Document Detail

Isolated necrotizing aortitis presenting as incidental thoracoabdominal aortic aneurysm: a case report.
MedLine Citation:
PMID:  22532773     Owner:  NLM     Status:  PubMed-not-MEDLINE    
Noninfectious aortitis is frequently asymptomatic yet often leads to the development of ascending aortic aneurysms requiring repair. We present the case of a 64-year-old Caucasian woman who presented to our medical center with an incidentally discovered thoracoabdominal aneurysm. She had previously been in good health and had not complained of chest pain or been otherwise symptomatic. At presentation to our clinic, her ascending aorta measured 5 cm at the sinotubular junction (STJ) with dilation of her descending thoracic aorta to 6 cm. Her coronary angiogram was normal. Cross-sectional imaging was notable for thickening of the aortic wall along its length. The entity of isolated noninfectious aortitis is increasingly being recognized as an identifiable factor leading to ascending aneurysmal disease. In reviewing this case, we outline current understanding and guidelines for management and follow-up of this pathology. Operative repair of the ascending arch was conducted using an interpositional graft. The aortic valve apparatus was normal and the proximal anastomosis was created at the STJ. Intraoperatively, an inflammatory obliteration of the aortopulmonary window was noted. It was not possible to completely excise the posterior aortic wall. Our patient had an uneventful recovery and final pathology revealed necrotizing aortitis (NA). She is currently undergoing routine surveillance of her descending thoracoabdominal aneurysm. Recent case series indicate that NA is a histologically distinct process, which is associated commonly with development of ascending aneurysm, and although it is most commonly an isolated finding, it may be associated with other vascular abnormalities including stenoses of branch vessels. There is a growing body of literature suggesting that NA represents a distinct clinical entity, associated with the development of ascending aortic aneurysms. Further research is required to determine the optimal follow-up and value of medical therapies.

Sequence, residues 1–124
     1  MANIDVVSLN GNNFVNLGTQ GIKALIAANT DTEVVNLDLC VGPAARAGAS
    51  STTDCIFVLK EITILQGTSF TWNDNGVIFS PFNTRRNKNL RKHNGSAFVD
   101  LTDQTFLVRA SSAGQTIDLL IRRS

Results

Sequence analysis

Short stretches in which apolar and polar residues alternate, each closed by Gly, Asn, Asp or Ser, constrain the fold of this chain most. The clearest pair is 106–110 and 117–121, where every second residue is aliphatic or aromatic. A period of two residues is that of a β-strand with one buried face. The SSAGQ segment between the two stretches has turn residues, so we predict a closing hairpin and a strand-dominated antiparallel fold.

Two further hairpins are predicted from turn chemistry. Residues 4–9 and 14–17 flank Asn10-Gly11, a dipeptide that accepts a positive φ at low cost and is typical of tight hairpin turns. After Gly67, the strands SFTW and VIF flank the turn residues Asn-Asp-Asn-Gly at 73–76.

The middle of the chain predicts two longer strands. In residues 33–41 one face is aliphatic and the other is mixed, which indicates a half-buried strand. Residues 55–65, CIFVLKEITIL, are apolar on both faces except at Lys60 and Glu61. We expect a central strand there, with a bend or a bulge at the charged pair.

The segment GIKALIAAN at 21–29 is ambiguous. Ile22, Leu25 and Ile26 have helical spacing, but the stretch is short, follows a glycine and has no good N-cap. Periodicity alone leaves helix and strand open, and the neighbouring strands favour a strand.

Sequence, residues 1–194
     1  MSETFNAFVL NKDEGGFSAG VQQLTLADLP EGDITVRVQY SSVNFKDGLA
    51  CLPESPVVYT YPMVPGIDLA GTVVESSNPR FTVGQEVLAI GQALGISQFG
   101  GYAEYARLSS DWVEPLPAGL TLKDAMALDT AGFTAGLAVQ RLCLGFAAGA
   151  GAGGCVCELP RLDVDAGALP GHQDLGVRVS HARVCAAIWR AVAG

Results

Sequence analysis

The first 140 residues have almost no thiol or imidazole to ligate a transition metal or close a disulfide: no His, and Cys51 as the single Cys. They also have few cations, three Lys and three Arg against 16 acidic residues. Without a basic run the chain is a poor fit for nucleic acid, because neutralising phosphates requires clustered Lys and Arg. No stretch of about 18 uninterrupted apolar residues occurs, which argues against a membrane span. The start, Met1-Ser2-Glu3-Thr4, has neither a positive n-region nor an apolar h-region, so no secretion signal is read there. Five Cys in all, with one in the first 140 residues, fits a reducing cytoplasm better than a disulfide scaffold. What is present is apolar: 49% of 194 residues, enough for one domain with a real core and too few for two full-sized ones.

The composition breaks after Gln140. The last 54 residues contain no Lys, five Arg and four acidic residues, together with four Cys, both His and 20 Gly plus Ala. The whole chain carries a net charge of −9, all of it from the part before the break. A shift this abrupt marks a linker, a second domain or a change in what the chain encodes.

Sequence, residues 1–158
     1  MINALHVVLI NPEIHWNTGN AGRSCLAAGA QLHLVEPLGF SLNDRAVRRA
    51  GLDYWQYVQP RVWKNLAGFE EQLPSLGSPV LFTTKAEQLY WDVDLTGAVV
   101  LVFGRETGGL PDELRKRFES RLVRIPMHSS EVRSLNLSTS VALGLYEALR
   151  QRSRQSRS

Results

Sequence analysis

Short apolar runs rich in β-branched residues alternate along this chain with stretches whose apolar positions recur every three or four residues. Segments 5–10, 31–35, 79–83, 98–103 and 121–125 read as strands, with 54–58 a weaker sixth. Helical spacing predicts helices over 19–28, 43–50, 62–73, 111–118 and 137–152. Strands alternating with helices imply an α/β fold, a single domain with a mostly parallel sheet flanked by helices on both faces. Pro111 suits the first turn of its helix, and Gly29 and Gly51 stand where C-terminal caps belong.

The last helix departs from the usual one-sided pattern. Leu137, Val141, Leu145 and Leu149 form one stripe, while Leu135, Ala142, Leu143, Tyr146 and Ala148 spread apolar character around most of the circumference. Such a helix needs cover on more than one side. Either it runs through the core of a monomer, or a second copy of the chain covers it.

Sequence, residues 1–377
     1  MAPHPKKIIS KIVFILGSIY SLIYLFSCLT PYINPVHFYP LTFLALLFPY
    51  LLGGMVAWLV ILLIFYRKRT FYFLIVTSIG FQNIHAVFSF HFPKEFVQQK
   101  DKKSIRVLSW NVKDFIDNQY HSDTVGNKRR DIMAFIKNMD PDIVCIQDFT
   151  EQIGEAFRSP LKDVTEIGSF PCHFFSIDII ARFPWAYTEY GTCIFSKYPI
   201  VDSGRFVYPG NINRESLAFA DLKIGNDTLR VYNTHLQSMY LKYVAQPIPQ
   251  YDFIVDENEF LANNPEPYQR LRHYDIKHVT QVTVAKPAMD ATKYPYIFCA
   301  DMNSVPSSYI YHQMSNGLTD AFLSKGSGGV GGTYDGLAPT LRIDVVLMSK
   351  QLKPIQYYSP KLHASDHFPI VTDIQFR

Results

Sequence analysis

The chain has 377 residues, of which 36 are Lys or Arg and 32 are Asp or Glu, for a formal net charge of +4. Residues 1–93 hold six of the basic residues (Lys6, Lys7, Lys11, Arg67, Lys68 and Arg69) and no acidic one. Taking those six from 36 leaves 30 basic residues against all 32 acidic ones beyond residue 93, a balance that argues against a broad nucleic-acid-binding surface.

Jeremiah T Martin; William N O'Connor; Chandrashekar Ramaiah
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Publication Detail:
Type:  Journal Article    
Journal Detail:
Title:  The International journal of angiology : official publication of the International College of Angiology, Inc     Volume:  20     ISSN:  1615-5939     ISO Abbreviation:  Int. J. Angiol.     Publication Date:  2011 Mar 
Date Detail:
Created Date:  2012-04-25     Completed Date:  2012-08-23     Revised Date:  2013-05-29    
Medline Journal Info:
Nlm Unique ID:  9504821     Medline TA:  Int J Angiol     Country:  Canada    
Other Details:
Languages:  eng     Pagination:  59-62     Citation Subset:  -    
University of Kentucky Medical Center, Lexington, Kentucky.
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